Author: Lars Akerson
Even as hospitals overflow with record numbers of Covid-19 patients in other parts of the country and world, the Central Shenandoah Health District is upbeat about the progress of the state health department’s vaccination campaign in their jurisdiction.
On the upper flood plain of Muddy Creek on the coldest day of early spring, a small crew in hats and winter coats is turning soil. Over the past month, equipped with shovels and mattocks, they’ve built nearly a half-acre of hilled beds, already shading green with a multispecies cover crop of rye and clover. A regional Mexican playlist drifts light on the wind and its rhythm slides into the step and sway of the multinational and multilingual team.
Seven weeks after his first dose of Covid vaccine, José Ríos is still waiting for a second shot. The 67-year-old Harrisonburg resident went to the Rockingham County Fairgrounds in early February after a friend at church told him about the vaccination clinic there, but he says a scheduling mix-up has kept him from completing the series. Not knowing who to contact, Ríos is still waiting for a call from the clinic, unsure of how to proceed.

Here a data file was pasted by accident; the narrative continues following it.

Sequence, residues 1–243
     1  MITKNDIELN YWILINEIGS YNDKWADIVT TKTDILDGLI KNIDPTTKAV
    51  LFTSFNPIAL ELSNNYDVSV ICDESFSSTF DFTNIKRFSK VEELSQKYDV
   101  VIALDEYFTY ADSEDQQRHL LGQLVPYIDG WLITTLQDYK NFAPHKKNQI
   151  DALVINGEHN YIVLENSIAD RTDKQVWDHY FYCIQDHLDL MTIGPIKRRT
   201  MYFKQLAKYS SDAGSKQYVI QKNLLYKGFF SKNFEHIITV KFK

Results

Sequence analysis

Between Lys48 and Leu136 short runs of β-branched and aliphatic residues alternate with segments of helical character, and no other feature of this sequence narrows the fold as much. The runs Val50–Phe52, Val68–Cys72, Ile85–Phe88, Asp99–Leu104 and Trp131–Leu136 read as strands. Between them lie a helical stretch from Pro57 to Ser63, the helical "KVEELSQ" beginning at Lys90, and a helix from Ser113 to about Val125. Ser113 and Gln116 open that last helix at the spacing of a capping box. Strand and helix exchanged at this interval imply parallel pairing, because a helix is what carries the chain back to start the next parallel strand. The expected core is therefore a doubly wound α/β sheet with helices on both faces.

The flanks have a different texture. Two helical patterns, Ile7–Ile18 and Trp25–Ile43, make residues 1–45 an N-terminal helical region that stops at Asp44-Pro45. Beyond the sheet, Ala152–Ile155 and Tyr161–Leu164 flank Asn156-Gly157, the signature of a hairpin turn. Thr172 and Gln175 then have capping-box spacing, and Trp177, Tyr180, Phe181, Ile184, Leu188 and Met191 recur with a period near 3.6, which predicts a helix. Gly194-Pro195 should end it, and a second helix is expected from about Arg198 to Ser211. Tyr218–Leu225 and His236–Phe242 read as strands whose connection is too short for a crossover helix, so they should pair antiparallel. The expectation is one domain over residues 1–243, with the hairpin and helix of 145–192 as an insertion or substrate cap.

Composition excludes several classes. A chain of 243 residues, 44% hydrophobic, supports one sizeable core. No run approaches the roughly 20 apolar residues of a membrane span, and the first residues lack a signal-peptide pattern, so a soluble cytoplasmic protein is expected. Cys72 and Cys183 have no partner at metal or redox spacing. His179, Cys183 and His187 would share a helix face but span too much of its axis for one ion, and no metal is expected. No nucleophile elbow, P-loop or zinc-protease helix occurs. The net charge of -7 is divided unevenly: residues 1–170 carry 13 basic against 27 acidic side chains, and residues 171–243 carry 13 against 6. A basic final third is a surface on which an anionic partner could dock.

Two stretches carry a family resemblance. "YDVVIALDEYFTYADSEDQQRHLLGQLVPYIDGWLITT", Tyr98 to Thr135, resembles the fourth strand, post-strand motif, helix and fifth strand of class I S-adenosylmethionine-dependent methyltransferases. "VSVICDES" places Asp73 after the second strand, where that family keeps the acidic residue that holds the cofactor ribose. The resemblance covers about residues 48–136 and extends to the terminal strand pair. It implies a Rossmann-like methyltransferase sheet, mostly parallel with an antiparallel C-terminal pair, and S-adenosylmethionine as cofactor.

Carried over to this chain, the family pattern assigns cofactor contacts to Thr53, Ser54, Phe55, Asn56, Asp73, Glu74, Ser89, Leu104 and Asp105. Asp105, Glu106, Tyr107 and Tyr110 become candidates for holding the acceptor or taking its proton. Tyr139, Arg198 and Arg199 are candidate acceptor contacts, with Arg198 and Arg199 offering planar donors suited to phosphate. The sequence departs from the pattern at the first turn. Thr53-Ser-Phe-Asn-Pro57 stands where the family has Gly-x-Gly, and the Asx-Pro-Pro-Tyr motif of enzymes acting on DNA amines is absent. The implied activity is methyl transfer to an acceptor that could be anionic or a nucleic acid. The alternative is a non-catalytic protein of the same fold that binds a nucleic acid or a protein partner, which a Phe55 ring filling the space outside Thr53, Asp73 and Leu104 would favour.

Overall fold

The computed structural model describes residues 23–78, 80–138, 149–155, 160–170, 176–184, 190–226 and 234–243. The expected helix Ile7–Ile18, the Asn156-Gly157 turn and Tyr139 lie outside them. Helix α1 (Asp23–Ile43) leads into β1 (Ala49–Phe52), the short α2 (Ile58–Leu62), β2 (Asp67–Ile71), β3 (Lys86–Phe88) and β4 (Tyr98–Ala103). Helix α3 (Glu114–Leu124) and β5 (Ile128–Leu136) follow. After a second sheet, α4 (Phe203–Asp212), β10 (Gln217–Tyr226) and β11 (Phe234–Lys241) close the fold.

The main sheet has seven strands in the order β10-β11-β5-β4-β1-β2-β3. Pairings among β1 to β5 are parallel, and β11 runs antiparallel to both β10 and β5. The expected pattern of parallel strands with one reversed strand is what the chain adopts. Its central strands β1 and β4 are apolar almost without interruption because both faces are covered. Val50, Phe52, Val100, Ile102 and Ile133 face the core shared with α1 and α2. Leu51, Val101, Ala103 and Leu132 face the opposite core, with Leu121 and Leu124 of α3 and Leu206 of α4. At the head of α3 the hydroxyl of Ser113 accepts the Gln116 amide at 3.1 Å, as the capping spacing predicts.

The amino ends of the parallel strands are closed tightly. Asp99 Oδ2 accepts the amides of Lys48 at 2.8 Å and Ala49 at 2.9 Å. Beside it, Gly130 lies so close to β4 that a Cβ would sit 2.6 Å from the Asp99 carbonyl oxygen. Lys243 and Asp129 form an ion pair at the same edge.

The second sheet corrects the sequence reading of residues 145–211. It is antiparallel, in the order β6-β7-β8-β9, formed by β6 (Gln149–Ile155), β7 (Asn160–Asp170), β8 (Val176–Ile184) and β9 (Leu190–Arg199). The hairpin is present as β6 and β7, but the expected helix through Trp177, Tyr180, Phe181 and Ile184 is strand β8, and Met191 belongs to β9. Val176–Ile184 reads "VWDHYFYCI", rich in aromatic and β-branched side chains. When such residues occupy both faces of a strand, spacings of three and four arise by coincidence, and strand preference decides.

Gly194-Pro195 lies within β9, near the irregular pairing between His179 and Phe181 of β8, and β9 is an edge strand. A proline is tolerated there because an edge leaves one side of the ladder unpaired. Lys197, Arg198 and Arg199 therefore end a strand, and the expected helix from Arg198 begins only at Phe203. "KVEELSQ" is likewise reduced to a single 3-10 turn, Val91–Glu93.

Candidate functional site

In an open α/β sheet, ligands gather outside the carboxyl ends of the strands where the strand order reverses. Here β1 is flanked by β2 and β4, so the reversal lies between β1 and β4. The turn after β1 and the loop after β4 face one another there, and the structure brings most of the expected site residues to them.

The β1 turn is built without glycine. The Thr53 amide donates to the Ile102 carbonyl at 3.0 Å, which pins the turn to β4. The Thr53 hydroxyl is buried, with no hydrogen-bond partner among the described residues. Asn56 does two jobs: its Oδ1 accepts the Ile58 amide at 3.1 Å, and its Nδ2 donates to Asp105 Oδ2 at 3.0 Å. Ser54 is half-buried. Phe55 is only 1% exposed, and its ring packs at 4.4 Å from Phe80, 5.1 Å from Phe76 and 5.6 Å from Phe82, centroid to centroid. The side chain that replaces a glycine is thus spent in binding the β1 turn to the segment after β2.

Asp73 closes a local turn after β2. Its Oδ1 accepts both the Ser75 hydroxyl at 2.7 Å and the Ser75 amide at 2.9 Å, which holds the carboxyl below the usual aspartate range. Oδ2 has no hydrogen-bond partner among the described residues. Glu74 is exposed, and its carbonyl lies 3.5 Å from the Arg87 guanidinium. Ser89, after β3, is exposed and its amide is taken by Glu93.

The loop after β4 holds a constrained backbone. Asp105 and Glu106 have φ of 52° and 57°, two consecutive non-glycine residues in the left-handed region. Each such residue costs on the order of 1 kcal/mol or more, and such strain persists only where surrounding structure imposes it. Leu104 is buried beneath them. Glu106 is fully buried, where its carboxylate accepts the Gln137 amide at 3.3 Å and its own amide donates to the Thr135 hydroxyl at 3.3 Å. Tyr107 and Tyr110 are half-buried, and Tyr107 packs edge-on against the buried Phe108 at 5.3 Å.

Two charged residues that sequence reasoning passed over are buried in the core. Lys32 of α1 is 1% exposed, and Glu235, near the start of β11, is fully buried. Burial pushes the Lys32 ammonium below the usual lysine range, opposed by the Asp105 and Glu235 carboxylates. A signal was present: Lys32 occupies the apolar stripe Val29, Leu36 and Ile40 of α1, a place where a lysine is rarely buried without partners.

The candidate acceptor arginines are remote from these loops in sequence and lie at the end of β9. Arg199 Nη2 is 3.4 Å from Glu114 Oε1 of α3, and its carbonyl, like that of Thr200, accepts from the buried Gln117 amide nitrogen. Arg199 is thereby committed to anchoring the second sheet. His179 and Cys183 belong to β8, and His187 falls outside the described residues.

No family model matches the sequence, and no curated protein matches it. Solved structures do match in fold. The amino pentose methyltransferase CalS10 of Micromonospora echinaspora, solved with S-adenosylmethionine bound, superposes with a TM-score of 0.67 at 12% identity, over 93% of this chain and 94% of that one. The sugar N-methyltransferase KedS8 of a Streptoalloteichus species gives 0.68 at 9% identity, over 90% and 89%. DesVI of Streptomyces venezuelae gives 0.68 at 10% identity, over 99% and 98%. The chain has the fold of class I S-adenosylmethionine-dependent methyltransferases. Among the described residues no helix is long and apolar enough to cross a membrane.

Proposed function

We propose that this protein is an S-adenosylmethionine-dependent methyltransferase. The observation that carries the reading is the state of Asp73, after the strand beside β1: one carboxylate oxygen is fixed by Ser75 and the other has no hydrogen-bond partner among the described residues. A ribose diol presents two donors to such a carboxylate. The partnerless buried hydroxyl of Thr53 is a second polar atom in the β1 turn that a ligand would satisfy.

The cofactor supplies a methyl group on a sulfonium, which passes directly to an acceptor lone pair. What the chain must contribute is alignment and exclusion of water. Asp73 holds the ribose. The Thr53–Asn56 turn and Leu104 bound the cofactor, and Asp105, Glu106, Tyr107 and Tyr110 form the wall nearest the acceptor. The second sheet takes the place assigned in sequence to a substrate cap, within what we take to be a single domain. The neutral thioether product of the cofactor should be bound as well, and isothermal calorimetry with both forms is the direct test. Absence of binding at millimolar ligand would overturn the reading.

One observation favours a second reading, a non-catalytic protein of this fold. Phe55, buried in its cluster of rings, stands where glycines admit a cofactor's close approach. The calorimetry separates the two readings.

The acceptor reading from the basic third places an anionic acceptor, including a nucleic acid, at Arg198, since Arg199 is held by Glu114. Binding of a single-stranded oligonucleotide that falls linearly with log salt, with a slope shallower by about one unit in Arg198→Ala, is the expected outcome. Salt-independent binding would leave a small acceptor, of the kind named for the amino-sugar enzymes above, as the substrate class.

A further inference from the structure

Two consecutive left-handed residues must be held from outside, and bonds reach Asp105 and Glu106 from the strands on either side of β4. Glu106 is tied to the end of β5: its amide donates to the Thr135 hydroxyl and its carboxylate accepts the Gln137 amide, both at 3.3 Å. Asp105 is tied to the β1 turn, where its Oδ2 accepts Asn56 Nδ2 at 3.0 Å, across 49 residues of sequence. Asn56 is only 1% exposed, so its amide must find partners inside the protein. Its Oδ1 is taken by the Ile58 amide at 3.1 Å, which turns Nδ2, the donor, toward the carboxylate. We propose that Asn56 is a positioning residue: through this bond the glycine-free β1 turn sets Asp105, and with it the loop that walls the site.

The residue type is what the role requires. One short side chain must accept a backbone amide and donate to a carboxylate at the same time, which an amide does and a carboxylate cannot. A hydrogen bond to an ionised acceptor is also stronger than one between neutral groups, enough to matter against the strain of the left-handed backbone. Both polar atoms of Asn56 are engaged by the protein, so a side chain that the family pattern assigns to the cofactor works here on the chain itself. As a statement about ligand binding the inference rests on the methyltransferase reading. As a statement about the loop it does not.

The Citizen has developed an automated tracker that summarizes and offers readers visualizations of vaccine data published by the Virginia Department of Health (VDH). When the VDH updates its datasets each day, these charts will also display the latest figures. Vaccination rates are calculated using 2019 data from the National Center for Health Statistics and the U.S. Census Bureau.
When Omar Al Sadoon told the case worker from the Department of Social Services that he wanted work as an electrician, she was incredulous. It was too much, Omar recalls her saying. He needed much better English and training in U.S. electrical standards before he could think about getting a job as an electrical tradesman in Virginia.